- Try focusing on a particular sensation. For example, noticing all the different sounds you can hear or noticing all the different flavours and textures when you eat a piece of food.
- Visualise a scene that makes you feel calm, relaxed and safe. It could be a serene beach scene, a walk through a forest – or whatever works for you.
8. Request workplace accommodations
Your employer might be willing to make changes in the workplace or your job tasks to help you feel secure and confident at work.
The right workplace accommodations are different for everyone. If you know you need some changes, but aren’t sure what will be helpful, you can request a professional workplace assessment to help identify accommodations that are right for you.
- Flexible schedule – for example, starting early or finishing early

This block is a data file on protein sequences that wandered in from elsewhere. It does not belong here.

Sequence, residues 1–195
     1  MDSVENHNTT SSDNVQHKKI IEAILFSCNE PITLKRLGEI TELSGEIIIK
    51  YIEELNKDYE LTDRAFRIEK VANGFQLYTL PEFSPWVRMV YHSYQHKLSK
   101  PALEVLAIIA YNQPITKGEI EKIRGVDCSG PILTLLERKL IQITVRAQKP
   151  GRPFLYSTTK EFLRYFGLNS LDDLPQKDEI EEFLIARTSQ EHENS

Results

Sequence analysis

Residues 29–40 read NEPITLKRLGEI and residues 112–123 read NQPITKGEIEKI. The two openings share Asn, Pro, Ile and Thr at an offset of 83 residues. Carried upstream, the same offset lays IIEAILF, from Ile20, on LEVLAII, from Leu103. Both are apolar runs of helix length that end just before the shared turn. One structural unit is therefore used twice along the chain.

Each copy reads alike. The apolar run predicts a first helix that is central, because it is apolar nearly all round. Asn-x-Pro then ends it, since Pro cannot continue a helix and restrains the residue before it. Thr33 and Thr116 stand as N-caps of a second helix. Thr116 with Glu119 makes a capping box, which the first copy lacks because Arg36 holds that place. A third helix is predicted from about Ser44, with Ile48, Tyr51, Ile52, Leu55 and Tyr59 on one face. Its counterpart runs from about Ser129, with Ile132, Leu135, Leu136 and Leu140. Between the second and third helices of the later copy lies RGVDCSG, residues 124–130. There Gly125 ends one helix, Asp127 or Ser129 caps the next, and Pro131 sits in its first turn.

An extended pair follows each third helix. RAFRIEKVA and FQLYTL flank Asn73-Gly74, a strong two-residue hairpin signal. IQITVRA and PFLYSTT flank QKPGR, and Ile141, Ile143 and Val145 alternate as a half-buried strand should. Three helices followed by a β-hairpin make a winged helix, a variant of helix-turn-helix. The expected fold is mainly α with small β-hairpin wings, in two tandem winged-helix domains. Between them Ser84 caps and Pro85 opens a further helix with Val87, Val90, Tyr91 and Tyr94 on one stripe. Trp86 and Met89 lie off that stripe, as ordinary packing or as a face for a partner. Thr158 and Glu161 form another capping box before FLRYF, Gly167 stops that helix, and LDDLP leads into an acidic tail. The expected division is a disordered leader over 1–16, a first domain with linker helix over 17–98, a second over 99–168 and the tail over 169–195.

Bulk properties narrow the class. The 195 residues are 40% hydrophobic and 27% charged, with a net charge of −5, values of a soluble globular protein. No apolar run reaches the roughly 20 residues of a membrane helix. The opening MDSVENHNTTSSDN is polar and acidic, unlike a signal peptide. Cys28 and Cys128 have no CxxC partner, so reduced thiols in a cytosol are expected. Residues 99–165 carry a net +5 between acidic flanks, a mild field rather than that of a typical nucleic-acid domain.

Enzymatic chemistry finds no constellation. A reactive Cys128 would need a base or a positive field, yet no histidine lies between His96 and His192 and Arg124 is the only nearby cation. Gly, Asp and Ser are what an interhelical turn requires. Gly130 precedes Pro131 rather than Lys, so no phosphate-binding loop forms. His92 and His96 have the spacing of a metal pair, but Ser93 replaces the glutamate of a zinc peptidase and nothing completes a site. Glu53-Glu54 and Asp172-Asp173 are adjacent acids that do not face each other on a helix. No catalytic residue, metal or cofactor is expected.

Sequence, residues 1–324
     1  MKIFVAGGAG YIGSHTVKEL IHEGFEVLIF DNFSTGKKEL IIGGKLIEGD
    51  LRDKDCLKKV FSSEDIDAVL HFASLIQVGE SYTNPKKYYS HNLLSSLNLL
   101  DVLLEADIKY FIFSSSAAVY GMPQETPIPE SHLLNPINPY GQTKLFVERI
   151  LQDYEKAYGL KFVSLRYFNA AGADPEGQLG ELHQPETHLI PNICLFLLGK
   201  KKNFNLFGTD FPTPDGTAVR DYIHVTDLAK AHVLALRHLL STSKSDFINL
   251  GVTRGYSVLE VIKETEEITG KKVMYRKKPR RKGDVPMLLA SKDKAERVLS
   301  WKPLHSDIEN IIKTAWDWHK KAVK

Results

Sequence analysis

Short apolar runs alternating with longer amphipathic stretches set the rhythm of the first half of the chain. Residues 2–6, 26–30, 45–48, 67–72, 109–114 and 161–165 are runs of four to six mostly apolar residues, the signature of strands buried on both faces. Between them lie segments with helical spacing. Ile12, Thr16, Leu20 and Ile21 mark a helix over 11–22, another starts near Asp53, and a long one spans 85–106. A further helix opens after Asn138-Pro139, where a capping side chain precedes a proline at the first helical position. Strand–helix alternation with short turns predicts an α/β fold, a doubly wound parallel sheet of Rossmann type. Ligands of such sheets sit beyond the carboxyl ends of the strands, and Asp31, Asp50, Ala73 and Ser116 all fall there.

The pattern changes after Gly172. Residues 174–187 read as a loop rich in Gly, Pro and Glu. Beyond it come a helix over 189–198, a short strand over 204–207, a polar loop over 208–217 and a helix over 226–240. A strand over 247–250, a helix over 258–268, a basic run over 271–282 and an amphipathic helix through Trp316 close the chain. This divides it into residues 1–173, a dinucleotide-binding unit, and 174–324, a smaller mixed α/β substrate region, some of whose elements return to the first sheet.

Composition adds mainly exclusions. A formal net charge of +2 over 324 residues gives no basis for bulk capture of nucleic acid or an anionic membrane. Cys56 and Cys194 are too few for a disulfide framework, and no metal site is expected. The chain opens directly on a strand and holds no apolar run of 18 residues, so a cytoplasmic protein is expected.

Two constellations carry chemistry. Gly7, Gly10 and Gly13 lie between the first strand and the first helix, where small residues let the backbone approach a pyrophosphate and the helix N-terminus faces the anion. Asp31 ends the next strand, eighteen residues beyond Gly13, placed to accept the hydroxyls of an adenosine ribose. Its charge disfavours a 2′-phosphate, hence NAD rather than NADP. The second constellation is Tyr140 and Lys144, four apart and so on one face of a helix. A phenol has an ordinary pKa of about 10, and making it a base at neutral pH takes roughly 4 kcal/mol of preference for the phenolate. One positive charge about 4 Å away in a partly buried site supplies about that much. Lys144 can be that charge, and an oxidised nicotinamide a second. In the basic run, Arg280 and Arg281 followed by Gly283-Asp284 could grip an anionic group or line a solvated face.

- Support person or animal
- Private space to rest
- Time off for mental health appointments
- Technologies to improve time management and organisation
- Frequent breaks throughout the day
9. Ask for help
If you’re not coping, it’s important to ask for help.
Even if you feel on top of things at the moment, it’s important to build a network of support people at work and in your personal life that can help you when you need it. Feeling supported and connected can actually help reduce stress levels.
If you’re living with anxiety, you may be eligible for disability employment assistance to find a job or stay in work.
10. Consider a career change
Working can be very beneficial for people who are living with anxiety, but some environments might be more overwhelming than others.
If you’re looking for work or considering a career change, consider speaking with an employment consultant who can help you identify career pathways and job types that are a good fit for you.
The best jobs for people with anxiety are ones where you feel safe, empowered and supported. Don’t let your anxiety get in the way of chasing your career goals – support is available to help you overcome the challenges and succeed at work.